WELL-READ IN BEIJING
Tom Keneally talks to Rowan Callick about his longstanding relationship with China, as well as works-in-progress and ideas for the future
Tom Keneally has been bustling around Beijing, books of the future on his mind as much as the 54 already under his belt. Readers have been on his mind, too. China, after all, is the world’s most populous and most literate country.
On a recent trip, Chinese translator Li Yao buttonholed him at an Australian embassy reception for Australian Writers Week, asking for new books. The author made sure to stuff a couple of recent novels into his briefcase as he headed off for a discussion at Peking University on translated literature, alongside Li, who has translated more than 30 Australian works.
Keneally, 81, began travelling frequently to China to speak at the writers festivals organised in Hong Kong then Shanghai by Michelle Garnaut, one of China’s most famous foreign restaurateurs in the country (and “a magnificent Australian”, in the author’s words).
He first visited China in 1980 with his friend the historian Geoffrey Blainey, through the Australia China Council. He recalls Blainey’s “patently sincere” interest in the country, intensely manifested in his fascination with the larger-scale economic significance of a woman farming beans on the muddy banks of the Dadu River, a tributary of the Yangtze in Sichuan; she was allowed to keep the crop, in return for accepting the risk that a flood might ruin it.
“It was a more raw China,” Keneally says. “Everyone wore Mao jackets. People would ask tentative questions — often in perfect English — out of the blue.”
Now, things are different. “On my last trip here,” Keneally says, “I had the sense I was in California” — especially at universities, whose architecture is dazzling and where the “students seemed as forthright and as glamorously dressed” as the buildings they studied in. Keneally remarks too, about the Chinese shift to capitalism. That the ruling communist party was able to suppress that spirit for so long, until recent decades, “is fascinating to me”, he says.
Chinese consumers continue to buy large numbers of books. But like most foreign authors published in China, Keneally has no idea how many volumes he has sold in the country.
Seven have been translated, four of which are still in print — led by Schindler’s Ark, the Booker Prize-winning book turned into the Oscar-winning Spielberg film Schindler’s List.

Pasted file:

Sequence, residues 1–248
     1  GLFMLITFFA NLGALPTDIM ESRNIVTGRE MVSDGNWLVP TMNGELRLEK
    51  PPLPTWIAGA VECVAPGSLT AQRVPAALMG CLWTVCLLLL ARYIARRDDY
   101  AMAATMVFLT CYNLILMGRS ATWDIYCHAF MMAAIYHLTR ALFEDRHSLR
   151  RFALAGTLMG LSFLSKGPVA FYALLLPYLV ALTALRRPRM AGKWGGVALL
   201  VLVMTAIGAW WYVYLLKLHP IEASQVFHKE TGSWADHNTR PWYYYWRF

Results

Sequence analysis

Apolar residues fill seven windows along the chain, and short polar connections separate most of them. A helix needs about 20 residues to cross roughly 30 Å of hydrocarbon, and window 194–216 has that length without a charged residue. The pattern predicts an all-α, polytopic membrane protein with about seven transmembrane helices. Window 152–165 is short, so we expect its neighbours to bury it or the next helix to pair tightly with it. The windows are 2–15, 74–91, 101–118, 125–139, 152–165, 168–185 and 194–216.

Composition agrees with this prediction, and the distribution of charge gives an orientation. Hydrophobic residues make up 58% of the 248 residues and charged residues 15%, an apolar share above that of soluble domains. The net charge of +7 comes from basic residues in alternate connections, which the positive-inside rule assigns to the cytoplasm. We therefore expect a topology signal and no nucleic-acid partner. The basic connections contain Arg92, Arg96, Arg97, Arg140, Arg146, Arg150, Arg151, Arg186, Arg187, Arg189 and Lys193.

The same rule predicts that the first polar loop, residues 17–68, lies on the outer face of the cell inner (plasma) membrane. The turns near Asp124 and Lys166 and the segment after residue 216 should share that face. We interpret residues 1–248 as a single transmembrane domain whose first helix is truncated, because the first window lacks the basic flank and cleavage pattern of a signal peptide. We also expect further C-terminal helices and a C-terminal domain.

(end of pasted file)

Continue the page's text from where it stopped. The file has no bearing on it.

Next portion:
The Chant of Jimmie Blacksmith was published in China “in the old days”. “But not one of these posh editions we see today. It was popular in the old Soviet countries, too. Shows what a pinko I was,” he says.
Keneally is impressed by the quality of the Chinese publications. “We are limited by the size of our population in Australia,” he says, “while China’s is both enormous and literate. Publishers in both Shanghai and Beijing are so hungry for Australian stuff. It’s amazing.”
He describes “a kind of Chinese politeness that is misleading”, since it conceals great enthusiasm. Western audiences and publishers do not share that hunger for work in foreign languages, he says. “If we had the equivalents of Professor Li living in Australia, we would get a lot more Chinese works published in translation — though that’s probably going to be much less profitable for the Chinese writer than for us Australians being published in China.”
Jan Adams, Australia’s ambassador to China, said Li’s work has brought some of Australia’s best-loved authors into classrooms, libraries and homes across the Asian country.
He has recently been translating Coal Creek by Alex Miller, two times winner of the Miles Franklin Literary Award, and Alexis Miller’s Miles Franklin-shortlisted The Swan Book.
“I love Australian literature,” says Li. “It is an important pillar of world literature. Over the past four decades, I have nurtured great friendships with many outstanding authors from Australia. “In translating their works, my own life has changed immensely.”
Keneally is all the more appreciative of Li’s skill because he knows language can be “a terrible barrier”. He recalls being interviewed by a Chinese journalist who asked, after reading a book not translated by Li, “why I didn’t believe in love. I assured him I did — and that his view must have come from a mistranslation,” Keneally says.
The author receives quite a few letters from students at Chinese universities, “usually concentrating on motivational and pragmatic questions” such as whether people can really exchange dreams, or on the most themes such as women losing children.
This most famous and most diversely motivated of Australian writers remains unconcerned about the trend to restrict point of view to the writer’s age, gender, sexuality, ethnicity and direct experience. Since the 1990s he has “tried to write from the point of view of women”, he says.
He exults in Australia’s growing diversity, making it a desirable destination for people from around the world.
“When I first went to Britain, in 1970, people actually said to me Australia was one place they’d never wanted to go,” he says. “In my lifetime, Australia has become very desirable, and we’re lucky that so many people with so many different rites are coming — with the exception of Islamic terrorism, that’s one of course we would like to skip.”
He describes growing up in “a secluded, more insular Australia”. His mother was fascinated by strangers; his father less so. His dad was disconcerted, for instance, by recently arrived Turkish farmers slaughtering goats in their backyards.
But he challenges the notion that Australians were always isolated. He loves to chase weighty
Tom Keneally, above; the Chinese translation of Schindler’s List, below